There is also a new station building with an attendant who was able to confirm in decent English that we needed to wait until 10 minutes before departure time to know which of the 5 platforms our train would depart from.
The underground tunnels between platforms were decorated by talented street artists. Walking between platforms is so much more bearable when there is interesting art to admire.
The town is set among tall pine forests and judging by the many cyclists around the station – it’s a common past time to ride the trails.
There’s lockers, elevators and a toilet at the train station but not much else.
Usti Nad Orlici – Lichkov (Second Leg)
Our train for Lichkov departed from Platform 2 at Usti Nad Orlici. The train is a regional service bound for Moravsky Karlov and was only two carriages long.
All the seats on the train are second class. The trains features included / didn’t include:
- no power plugs
- no air-conditioning
- no wifi
No reservation is needed (or indeed possible) on this leg.
The seats are configured in a 3/4 x 1 (as in, 3 or 4 seats in a row – aisle – one single seat).
The train is configured for short-haul transportation so there’s not a lot of room for suitcases. However, our train wasn’t packed so we were able to leave some of our luggage in a corner seat nearby.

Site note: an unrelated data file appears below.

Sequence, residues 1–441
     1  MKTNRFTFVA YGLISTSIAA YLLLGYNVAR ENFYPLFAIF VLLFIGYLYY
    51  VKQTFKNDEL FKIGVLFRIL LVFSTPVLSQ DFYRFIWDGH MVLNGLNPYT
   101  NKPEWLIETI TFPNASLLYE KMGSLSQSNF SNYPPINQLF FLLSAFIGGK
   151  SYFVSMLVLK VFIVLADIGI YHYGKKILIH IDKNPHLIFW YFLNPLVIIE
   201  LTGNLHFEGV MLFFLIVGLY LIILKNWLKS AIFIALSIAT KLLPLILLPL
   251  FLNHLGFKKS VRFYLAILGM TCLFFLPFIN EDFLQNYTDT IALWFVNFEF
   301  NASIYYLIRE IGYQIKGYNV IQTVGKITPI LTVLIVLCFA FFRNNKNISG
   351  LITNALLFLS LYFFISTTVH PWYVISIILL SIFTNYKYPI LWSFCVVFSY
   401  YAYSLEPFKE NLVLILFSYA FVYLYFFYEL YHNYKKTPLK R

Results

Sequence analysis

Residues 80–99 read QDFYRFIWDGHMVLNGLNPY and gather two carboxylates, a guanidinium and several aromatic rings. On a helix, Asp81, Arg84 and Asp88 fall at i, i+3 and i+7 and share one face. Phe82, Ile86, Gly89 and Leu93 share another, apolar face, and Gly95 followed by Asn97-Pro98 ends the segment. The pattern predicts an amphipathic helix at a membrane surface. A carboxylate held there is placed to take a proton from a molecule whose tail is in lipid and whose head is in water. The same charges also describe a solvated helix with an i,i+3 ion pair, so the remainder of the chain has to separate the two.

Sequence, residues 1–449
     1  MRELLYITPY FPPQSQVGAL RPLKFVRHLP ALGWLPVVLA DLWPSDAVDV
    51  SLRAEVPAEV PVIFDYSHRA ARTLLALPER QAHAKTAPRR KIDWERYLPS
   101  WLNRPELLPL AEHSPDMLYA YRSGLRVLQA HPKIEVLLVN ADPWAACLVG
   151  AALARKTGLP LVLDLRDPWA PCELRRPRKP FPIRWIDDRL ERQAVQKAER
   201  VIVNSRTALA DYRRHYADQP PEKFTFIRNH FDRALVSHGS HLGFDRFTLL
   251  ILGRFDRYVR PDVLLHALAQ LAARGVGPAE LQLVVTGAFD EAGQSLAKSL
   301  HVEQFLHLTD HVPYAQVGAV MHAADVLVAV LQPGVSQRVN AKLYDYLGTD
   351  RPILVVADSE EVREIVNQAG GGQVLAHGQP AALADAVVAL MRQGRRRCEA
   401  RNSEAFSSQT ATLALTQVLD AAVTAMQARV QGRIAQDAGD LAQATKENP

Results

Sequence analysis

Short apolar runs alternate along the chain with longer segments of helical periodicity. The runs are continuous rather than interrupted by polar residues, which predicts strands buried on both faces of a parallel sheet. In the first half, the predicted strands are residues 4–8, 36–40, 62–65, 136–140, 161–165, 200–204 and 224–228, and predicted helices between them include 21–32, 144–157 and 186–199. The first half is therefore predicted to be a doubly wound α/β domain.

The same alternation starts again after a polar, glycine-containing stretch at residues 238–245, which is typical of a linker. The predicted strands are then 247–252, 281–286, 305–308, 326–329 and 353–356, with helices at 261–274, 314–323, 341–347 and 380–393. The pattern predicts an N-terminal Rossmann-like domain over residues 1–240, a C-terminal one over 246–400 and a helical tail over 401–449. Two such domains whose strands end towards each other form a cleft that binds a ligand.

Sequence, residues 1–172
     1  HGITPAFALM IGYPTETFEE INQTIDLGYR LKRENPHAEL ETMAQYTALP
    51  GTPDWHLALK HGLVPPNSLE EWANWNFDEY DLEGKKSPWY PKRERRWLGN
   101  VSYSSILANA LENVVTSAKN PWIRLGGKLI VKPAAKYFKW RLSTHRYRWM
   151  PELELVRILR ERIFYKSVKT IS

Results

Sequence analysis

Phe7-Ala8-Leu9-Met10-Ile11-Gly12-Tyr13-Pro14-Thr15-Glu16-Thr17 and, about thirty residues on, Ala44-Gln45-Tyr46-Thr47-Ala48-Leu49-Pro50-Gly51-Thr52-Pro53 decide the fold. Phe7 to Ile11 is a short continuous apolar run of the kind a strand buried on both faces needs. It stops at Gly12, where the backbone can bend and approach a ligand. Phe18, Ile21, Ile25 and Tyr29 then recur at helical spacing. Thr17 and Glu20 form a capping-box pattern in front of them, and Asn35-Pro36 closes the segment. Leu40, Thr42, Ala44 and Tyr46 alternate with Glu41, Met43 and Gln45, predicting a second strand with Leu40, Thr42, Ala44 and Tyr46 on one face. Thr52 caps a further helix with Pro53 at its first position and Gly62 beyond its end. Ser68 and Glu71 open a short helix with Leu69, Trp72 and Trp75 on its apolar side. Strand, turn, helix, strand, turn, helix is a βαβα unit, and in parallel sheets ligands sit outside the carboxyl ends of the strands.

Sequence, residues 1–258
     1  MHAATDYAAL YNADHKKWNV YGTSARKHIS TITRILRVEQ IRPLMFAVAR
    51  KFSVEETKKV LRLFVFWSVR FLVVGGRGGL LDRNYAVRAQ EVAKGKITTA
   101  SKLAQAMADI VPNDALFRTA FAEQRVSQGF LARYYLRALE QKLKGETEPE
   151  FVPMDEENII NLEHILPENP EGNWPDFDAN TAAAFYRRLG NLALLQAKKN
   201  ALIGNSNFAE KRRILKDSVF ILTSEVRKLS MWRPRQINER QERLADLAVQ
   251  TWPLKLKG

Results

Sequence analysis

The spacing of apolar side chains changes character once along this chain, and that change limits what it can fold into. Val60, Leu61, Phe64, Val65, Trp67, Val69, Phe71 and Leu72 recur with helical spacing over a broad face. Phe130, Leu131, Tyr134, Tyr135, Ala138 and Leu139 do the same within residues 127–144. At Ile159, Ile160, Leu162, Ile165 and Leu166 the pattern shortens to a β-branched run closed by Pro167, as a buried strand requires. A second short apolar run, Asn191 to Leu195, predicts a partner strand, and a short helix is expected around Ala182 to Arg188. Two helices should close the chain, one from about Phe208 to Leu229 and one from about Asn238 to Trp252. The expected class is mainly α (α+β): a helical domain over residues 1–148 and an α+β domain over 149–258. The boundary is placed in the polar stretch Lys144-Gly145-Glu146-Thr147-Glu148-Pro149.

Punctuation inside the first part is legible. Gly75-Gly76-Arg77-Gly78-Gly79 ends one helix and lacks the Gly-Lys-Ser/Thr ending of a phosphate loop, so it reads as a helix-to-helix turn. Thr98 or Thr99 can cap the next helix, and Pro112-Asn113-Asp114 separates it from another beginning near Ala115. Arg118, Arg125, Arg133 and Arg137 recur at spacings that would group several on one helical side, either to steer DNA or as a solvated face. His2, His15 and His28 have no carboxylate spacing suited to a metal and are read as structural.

While it wasn’t fun waiting in the stuffy, air-conditioned-less train at the station, those feelings quickly gave way as the train set off through the foresty area, slowly winding its way at a leisurely pace.
Along the journey we got a glimpse of Czech country life, including several cute apple orchards, equestrian academies, cycling clubs, quaint towns built over gentle streams, the circus and plenty of giant timber pines.
For the first time on our Eastern Europe adventure we felt like we were the only non-local tourists in the village.
This was the shortest leg of our journey from Prague to Wroclaw, taking just 45 minutes.
Essential Advice: Lichkov train station is an optional stop. Make sure to press the button so the train stops at Lichkov station. The sign is in English.
Lichkov Station (Second Stop)
Lichkov is the Czech town which borders Poland. The transfer time at Lichkov was scheduled to be 25 minutes, however, our train arrived with just 10 minutes to spare.
Fortunately, the train from Lichkov to Wroclaw was waiting for us 3 metres away on the other side of the same platform.
Lichkov station is incredibly tiny. We didn’t notice any shops or restaurants, though we did spot a cute black and white cat.
Lichkov – Wroclaw (Third Leg)
The train from Lickov to Wroclaw is direct (no changes) and takes 2 hours 45 minutes.
We may have slightly fortunate with our timing as the sun we setting as we set off through the Polish countryside.